Some 600 tower blocks in England are encased in cladding but not necessarily the same type of material as was installed on Grenfell Tower, Downing Street has said in an attempt to clarify an earlier misleading statement.
Westminster-based journalists who attended the daily morning briefing with the Prime Minister’s Official Spokeswoman were told 600 high rises were covered in the same combustible cladding that is being blamed by experts for the rapid spread of the Grenfell blaze.
It led to a rash of headlines, including on HuffPost UK, suggesting thousands of residents of public housing were in the same position as people living in the West London tower block.
But the 600 figure relates to the number of inspections that will take place in the aftermath of the fire, it was later revealed.
In the a later briefing with journalists later in the afternoon, Downing Street moved to make clear that the Department for Communities and Local Government (DCLG) - the Whitehall department overseeing the inspections - had provided an update suggesting the 600 figure referred to the total number of buildings covered in cladding, and would not necessarily all be flammable.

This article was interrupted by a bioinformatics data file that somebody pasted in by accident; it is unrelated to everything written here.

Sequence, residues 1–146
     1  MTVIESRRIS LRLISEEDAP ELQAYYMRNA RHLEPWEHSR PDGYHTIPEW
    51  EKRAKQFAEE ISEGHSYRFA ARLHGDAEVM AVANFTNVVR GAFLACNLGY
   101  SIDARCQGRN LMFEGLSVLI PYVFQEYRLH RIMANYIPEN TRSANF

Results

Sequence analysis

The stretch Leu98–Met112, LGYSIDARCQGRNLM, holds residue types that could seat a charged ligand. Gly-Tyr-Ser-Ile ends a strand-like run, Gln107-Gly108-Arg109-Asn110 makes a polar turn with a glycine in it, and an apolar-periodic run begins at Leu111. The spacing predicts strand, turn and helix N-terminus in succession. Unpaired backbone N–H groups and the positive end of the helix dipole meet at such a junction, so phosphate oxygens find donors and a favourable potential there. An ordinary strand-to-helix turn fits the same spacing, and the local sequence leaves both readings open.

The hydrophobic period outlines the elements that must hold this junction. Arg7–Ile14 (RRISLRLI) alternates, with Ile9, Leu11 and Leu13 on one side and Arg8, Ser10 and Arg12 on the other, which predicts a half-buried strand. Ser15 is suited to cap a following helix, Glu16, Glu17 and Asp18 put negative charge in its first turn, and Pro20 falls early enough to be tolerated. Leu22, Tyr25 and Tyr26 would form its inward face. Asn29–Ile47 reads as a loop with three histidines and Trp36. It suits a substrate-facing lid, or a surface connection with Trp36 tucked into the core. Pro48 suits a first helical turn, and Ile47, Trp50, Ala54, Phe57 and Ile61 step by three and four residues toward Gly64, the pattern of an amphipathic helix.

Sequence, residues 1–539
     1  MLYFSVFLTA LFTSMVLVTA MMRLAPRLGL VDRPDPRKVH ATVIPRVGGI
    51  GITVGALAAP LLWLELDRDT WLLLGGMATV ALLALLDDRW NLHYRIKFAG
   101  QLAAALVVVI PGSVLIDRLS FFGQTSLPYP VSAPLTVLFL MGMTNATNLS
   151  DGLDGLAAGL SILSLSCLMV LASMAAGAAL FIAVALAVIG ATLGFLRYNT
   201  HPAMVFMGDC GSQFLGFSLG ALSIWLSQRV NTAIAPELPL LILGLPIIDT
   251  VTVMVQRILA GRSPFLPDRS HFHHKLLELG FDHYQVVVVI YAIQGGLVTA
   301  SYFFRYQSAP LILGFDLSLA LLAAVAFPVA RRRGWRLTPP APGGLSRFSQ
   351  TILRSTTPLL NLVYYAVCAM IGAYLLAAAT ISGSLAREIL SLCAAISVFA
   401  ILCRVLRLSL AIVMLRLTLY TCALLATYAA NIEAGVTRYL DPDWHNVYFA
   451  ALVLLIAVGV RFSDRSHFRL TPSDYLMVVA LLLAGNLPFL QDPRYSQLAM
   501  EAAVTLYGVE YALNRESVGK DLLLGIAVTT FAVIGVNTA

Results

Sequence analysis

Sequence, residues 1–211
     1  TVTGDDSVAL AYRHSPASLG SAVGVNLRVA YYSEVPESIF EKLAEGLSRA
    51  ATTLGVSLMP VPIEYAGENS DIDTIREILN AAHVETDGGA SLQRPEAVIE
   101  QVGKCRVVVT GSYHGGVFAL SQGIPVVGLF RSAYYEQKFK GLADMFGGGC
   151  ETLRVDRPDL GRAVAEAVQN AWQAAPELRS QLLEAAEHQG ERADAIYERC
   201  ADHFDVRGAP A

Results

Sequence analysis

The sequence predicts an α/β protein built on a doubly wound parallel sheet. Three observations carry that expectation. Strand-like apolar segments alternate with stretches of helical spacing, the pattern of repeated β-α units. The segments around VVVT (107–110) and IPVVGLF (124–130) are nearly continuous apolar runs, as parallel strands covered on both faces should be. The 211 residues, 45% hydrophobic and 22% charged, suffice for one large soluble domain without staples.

As it stands, seven tower blocks have tested positive for a combustible cladding, DCLG has said.
Politics Home reports the No 10 spokeswoman said this afternoon:
“What I explained this morning was that the latest figures that we had, which were based on estimates from local authorities, were that there were 600 buildings with a certain type of cladding, but actually the update DCLG have provided throughout the afternoon is that the figure is now 600 buildings, we understand, that have cladding – that could be any type of cladding, that’s the clarification they have made.”
The spokeswoman stressed that if they were deemed unsafe tenants would be rehoused “as soon as possible”.
“It’s not automatic that the building will be declared unsafe – otherwise we would just do it straightaway,” the spokeswoman said.
She told the House of Commons: “People were left without belongings, without roofs over their heads, without even basic information about what had happened, what they should do and where they could seek help.
“That was a failure of the state, local and national, to help people when they needed it most.
“As Prime Minister, I apologise for that failure and as Prime Minister I have taken responsibility for doing what we can to put things right.”